Mike Tindall opens up about how his dad has 'deteriorated' during 'nightmare' Parkinson’s battle

To mark World Parkinson’s Day, Mike Tindall has opened up about his father’s 16-year battle with the disease in a bid to raise awareness of the condition.

The former rugby player, who shares two daughters with the Queen‘s granddaughter Zara Tindall, appeared on ‘Good Morning Britain’ to talk about his dad Philip’s battle with the disease.

Revealing how his father is doing, he said: “Yeah, it’s deteriorated. He had a really bad year last year.”

“My dad was probably sitting at 12 stone and over six months he got Ulcerative Colitis and there is some link with the gut… he went down to 8 stone 1,” he continued. “It’s huge. Suddenly all that strength is taken out of him which makes those symptoms even worse.”

Tindall went on to admit that it was difficult to come to terms with his father’s condition in the early stages of diagnosis, as he didn’t understand that Philip was showing signs of the disease 18 months before the family sought medical help.

Mike Tindall photographed alongside his father [Photo: Good Morning Britain]
Mike Tindall photographed alongside his father [Photo: Good Morning Britain]

“I was probably very blasé at the start when he got diagnosed in 2003. He didn’t really show signs, it was just a small tremor in one of his arms,” the 40-year-old said.

“He has this tremor for maybe a couple of years, eighteen months before that, but being a typical bloke he probably didn’t address the issue early enough because the sooner you get on the drugs, the slower the progression is going to be.”

READ MORE: Zara Tindall flies the British flag at Cheltenham Races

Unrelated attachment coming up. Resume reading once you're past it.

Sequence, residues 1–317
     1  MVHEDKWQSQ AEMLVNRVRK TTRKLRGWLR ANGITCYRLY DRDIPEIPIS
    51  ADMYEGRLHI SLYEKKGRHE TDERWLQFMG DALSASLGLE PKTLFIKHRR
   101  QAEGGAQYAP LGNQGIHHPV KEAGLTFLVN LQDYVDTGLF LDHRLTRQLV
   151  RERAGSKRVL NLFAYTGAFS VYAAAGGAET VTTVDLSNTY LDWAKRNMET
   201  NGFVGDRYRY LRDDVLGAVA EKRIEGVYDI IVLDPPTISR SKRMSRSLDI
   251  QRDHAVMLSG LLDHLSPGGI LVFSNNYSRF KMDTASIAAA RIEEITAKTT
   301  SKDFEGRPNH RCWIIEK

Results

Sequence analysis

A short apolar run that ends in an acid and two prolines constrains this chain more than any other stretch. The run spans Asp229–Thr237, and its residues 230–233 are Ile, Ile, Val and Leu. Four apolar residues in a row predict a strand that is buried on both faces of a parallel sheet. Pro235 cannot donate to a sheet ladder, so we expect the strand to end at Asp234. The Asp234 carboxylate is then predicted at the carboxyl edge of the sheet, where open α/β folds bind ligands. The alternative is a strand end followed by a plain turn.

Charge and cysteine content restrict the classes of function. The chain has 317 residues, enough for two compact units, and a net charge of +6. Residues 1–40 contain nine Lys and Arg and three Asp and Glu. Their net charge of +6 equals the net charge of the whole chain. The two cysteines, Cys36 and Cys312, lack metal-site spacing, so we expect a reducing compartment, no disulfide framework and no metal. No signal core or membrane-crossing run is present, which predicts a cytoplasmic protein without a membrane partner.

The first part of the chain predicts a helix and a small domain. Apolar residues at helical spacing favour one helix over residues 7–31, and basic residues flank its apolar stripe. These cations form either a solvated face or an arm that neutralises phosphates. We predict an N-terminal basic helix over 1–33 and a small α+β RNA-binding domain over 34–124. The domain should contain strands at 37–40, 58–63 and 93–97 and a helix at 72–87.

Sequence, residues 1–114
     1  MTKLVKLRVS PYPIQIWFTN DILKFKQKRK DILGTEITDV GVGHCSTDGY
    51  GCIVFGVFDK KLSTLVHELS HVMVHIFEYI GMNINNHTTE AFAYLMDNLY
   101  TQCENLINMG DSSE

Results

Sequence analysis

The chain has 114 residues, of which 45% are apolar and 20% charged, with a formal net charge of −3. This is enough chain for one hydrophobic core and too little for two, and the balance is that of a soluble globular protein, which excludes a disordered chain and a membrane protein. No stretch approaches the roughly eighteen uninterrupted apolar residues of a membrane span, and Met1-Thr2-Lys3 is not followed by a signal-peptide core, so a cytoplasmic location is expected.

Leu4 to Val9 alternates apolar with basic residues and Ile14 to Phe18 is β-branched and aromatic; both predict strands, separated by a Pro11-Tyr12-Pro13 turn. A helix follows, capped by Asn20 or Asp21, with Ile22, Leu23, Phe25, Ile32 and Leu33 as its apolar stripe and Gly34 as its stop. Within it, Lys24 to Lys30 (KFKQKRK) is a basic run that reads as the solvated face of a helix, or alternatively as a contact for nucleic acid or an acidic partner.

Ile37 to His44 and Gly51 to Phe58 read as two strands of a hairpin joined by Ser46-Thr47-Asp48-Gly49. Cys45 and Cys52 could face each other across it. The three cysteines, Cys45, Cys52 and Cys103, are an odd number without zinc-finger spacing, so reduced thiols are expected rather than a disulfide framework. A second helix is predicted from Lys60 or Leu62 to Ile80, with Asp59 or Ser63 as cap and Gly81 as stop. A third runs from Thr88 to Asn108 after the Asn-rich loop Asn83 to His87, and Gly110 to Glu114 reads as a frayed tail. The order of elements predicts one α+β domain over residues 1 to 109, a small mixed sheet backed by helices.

Tindall then went on to explain that his father’s condition has deteriorated further over the past decade – especially in the last year.

Mike Tindall hopes to raise awareness of the condition [Photo: Good Morning Britain]
Mike Tindall hopes to raise awareness of the condition [Photo: Good Morning Britain]

“I remember my dad taught me to play rugby,” he reflected. “He is still that guy that wants to play with [his grandkids] Mia and Lena but you can sort of see that he has to question how far he can go with it because he is not in the same physical shape that he used to be.”

Tindall, who supports The Cure Parkinson’s Trust, then went on to discuss how difficult it can be to diagnose the condition.

READ MORE: What are the common dementia risk factors?

“It’s a nightmare disease,” he said. “There are over 40 different symptoms of what Parkinson’s can look like, the research that has come out [says] how many people feel that they are drunk, people can suddenly freeze in the middle of the street and you might upset somebody walking behind you…”

“They just don’t get it,” Tindall continued. “They don’t understand that that could be part of it so that’s the difficult part of it.”

Mike Tindall
Mike Tindall photographed alongside his wife Zara Tindall [Photo: Getty]

As a public figure, the father-of-two is determined to spread the word about the disease in order to help others in a similar situation.

“I think you have to share experiences. With the state of mental health and how prominent that is, I think that is the only way you can do it,” he said.

What are the symptoms of Parkinson’s disease?

According to Parkinson’s UK, two people are diagnosed with Parkinson’s every hour in the UK with approximately 145,000 living with the disease in 2018.

The NHS states that the three main symptoms of the disease include tremors (which usually begin in the hand or arm), slowness of movement (also known as bradykinesia) and muscle stiffness – which can result in the difficulty to make facial expressions.

The condition is common among those over 50 but despite widespread belief, can also affect young people.

How is Parkinson’s disease treated?

There is currently no cure for Parkinson’s but a range of treatments are used to help control the symptoms and maintain quality of life.

The disease can affect a person’s speech and may lead to difficulties in swallowing (dysphagia) therefore a speech and language therapist can prove helpful.

Occupational therapy and physiotherapy are also common methods of treatment.

For further information, please visit the Parkinson’s UK website.